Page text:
Commands of the Worshipful Master to the Wardens are passed through the Senior Warden and, historically, were conveyed by the Senior Deacon to the Senior Warden. The latter then communicated it to the Junior Warden via the Junior Deacon. In case there was a response to the command, the Senior Deacon had to wait upon the return of the Junior Deacon to the Senior Warden who received any such response before passing it to the Senior Deacon who then returned to the Worshipful Master with the reply. The process sounds rather long-winded and superfluous in modern times. But in the context of our allegories the Supervisors in major building projects would probably have had just such a process to convey commands and other communications.

         The choice of words in dealing with alarms is equally as important. The Junior Warden is not going to see who wishes to enter the Lodge. That is the job of the Inner Guard. So the Worshipful Master instructs him to inquire and he instructs the Inner Guard to see. An alarm arises because the Outer Guard is unsure of the status of the person who is seeking admission and therefore needs assistance in determining that the person is entitled to enter. On the other hand if he is satisfied that the person seeking admission is entitled to enter the Lodge, he signals a report and the Inner Guard does not need to see who it is - he merely needs to inquire the cause of the report.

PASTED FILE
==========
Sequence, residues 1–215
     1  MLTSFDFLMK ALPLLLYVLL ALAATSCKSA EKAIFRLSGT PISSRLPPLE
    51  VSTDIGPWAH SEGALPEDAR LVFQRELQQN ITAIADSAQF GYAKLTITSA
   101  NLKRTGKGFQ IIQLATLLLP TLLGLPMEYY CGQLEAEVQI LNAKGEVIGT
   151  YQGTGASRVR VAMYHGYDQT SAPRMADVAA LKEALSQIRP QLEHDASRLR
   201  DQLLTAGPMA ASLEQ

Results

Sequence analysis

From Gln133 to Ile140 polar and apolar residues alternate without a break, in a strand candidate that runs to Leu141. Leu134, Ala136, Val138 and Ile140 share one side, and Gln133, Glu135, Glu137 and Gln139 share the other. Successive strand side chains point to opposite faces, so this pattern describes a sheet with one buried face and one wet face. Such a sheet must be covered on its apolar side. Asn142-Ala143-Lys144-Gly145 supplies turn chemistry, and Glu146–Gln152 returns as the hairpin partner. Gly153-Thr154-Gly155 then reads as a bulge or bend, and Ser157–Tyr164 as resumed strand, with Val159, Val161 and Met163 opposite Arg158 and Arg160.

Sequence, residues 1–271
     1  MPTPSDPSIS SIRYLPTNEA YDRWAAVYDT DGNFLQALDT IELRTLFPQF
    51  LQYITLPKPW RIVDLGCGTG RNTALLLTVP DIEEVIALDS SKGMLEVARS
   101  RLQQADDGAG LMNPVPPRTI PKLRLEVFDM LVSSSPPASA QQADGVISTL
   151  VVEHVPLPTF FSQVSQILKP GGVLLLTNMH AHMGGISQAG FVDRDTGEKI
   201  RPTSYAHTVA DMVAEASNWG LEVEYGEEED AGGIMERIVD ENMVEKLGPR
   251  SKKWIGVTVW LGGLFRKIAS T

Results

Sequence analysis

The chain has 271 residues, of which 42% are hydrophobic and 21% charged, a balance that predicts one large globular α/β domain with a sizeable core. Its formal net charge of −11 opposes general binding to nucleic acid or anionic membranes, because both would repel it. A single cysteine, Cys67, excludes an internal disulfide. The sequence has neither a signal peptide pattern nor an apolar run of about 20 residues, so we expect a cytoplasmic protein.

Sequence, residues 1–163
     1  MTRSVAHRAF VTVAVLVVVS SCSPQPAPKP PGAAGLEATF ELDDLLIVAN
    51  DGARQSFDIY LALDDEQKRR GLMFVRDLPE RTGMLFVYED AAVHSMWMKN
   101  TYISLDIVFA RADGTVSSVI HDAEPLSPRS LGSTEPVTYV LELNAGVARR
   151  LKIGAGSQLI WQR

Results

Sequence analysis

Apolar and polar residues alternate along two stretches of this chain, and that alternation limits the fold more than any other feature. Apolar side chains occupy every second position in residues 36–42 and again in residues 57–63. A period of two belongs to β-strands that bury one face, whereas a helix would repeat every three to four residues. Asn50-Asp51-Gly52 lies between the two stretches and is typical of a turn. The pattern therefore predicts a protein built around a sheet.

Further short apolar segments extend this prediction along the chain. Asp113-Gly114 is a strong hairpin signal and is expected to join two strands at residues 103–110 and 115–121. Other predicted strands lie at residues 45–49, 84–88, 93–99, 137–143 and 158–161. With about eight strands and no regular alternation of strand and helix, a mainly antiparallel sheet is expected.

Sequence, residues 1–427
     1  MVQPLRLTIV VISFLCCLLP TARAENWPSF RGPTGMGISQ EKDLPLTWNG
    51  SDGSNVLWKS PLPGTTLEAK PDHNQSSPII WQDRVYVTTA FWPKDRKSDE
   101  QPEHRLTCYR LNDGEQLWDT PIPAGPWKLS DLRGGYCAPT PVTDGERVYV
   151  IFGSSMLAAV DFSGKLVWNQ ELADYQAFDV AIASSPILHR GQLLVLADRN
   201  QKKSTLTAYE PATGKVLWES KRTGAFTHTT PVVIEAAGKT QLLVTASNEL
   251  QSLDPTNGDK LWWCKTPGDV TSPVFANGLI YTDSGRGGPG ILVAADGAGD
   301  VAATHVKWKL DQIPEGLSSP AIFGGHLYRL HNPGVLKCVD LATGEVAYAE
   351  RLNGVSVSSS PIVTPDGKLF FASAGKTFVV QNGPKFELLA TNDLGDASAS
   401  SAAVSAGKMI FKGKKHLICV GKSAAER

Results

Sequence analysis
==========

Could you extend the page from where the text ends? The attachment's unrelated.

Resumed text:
Again, we can probably all think of other examples from the rituals of the Craft.

         Let’s look at some other words, some of which are “difficult” or “strange”.



AHD[1]: (Accept) 1. To receive (something offered), especially with gladness or approval. 2. To admit to a group, organization, or place. 3a. To regard as proper, usual, or right. b. To regard as true; believe in. c. To understand as having a specific meaning. 4. To endure resignedly or patiently. 5a. To answer affirmatively. b. To agree to take (a duty or responsibility). 6. To be able to hold (something applied or inserted). 7. To receive officially. 8. To consent to pay, as by a signed agreement. 9. Medicine To receive (a transplanted organ or tissue) without immunological rejection.


COD[2]: a story, poem, or picture which can be interpreted to reveal a hidden meaning. Greek allegoria, from allos ‘other’ + -agoria ‘speaking’.